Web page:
Waxing your car with a mechanical buffer can save time and effort, making waxing your car a breeze. Many people prefer rotary buffers; however, they spin in a circular motion at a high velocity, which can cause permanent “burn” marks from the edge of the pad digging into the paint. Rotary buffers can also cause swirl marks due to the pad becoming dry and making micro scratches in the paint.
To help prevent this, use a random orbital buffer, which moves the pad in a random pattern rather than circular. This results in an even application of wax without the risk of creating damaging marks. Both the rotary and random orbital buffers are similarly priced. 
In each case, the time and care you spend waxing your vehicle will translate into how long the job will last. If you are willing to spend the time and elbow grease, you can expect your shine to last up to 3 months. A general rule of thumb is to wash your vehicle weekly and wax it every 8 to 12 weeks.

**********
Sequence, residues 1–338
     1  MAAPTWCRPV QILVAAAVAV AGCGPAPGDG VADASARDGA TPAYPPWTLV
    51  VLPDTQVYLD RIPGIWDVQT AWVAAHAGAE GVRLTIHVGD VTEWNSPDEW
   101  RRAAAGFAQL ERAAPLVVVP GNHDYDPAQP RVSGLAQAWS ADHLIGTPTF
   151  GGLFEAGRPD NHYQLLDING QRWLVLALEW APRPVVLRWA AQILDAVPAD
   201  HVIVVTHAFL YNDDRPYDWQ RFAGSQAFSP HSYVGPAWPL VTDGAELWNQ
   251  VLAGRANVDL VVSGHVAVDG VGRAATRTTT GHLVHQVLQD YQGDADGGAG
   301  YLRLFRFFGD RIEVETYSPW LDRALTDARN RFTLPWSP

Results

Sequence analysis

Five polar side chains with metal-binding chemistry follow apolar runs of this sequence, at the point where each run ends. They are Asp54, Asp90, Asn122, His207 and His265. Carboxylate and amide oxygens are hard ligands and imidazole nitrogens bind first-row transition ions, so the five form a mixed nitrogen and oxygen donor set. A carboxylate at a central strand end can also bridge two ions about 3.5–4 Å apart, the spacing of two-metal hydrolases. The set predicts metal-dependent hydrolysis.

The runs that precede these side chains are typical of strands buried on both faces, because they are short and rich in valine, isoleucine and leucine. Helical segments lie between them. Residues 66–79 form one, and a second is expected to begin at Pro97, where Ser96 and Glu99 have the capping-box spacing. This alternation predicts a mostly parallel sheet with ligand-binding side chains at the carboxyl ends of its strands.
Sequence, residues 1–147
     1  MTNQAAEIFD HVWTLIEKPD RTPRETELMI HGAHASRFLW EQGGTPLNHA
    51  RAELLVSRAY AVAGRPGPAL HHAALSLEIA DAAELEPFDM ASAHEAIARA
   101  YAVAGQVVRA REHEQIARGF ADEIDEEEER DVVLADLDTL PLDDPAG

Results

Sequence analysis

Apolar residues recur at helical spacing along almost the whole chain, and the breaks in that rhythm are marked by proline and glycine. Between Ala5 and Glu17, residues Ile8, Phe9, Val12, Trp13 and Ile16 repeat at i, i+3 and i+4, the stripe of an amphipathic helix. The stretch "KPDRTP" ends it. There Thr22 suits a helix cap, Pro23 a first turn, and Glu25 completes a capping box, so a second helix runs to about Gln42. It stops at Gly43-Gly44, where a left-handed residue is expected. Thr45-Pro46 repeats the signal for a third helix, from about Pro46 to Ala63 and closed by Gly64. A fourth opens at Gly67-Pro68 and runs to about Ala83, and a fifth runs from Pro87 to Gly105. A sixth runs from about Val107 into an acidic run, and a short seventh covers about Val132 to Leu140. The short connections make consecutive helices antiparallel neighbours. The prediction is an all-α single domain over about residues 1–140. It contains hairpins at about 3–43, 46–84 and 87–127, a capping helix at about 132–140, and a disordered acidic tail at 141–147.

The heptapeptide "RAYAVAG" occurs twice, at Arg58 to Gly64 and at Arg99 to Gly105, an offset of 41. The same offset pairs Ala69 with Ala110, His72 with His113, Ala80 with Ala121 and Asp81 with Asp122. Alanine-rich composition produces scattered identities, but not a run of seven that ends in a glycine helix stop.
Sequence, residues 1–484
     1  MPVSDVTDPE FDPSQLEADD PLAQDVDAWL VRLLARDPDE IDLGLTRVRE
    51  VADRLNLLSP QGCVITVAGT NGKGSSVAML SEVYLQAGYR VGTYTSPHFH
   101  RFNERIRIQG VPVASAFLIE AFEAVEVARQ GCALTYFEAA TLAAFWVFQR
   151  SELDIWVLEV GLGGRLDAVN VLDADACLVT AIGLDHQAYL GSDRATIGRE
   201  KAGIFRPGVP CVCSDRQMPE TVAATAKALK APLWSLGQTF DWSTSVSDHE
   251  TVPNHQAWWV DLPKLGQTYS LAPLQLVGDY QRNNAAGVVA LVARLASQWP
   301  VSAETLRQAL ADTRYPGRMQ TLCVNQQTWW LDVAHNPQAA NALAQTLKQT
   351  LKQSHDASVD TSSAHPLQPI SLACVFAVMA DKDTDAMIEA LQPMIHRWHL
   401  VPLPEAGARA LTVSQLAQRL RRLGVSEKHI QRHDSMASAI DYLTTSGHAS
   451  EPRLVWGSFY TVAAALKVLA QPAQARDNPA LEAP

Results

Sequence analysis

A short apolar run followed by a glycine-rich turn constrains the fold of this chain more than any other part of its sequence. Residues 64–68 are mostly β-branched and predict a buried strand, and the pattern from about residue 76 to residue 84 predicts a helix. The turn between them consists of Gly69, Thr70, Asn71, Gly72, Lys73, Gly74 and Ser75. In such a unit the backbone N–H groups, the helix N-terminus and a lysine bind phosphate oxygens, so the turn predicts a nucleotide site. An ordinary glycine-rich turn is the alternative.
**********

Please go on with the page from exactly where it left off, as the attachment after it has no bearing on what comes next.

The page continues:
Waxing your vehicle is a great way to ensure it stays shiny and looks great. Waxing helps protect your car’s paint from damaging sun rays, abrasive dirt, and chemicals in the rain and snow. Proper, regular waxing can extend the life of your car’s paint and help keep your vehicle looking sharp long into the future.
For more tips on keeping your car in mint condition, discover cleaning tools every car owner should have.
 “The Truth About Car Wax: 9 Things You May Have Overlooked!” avalonking.com/blogs/guides/the-truth-about-car-wax (March 28, 2019).
 “How Car Wax Protects Your Car’s Finish,” turtlewax.com/blogs/how-to/how-car-wax-protects-your-car-s-finish (accessed Dec. 8, 2022).
 “How Often Should You Wax Your Car?” Jessica Shea Choksey, jdpower.com/cars/shopping-guides/how-often-should-you-wax-your-car (Dec. 18, 2020).
 “How to Wax a Car by Hand or with a Buffer,” Chloe Murphy, leasefetcher.co.uk/guides/car-maintenance/how-to-wax-car (Aug. 26, 2021).
 “How to Wax Your Car with Amazing Results: 7-Step Guide,” driving-tests.org/beginner-drivers/how-to-wax-your-car/ (accessed Dec. 9, 2022).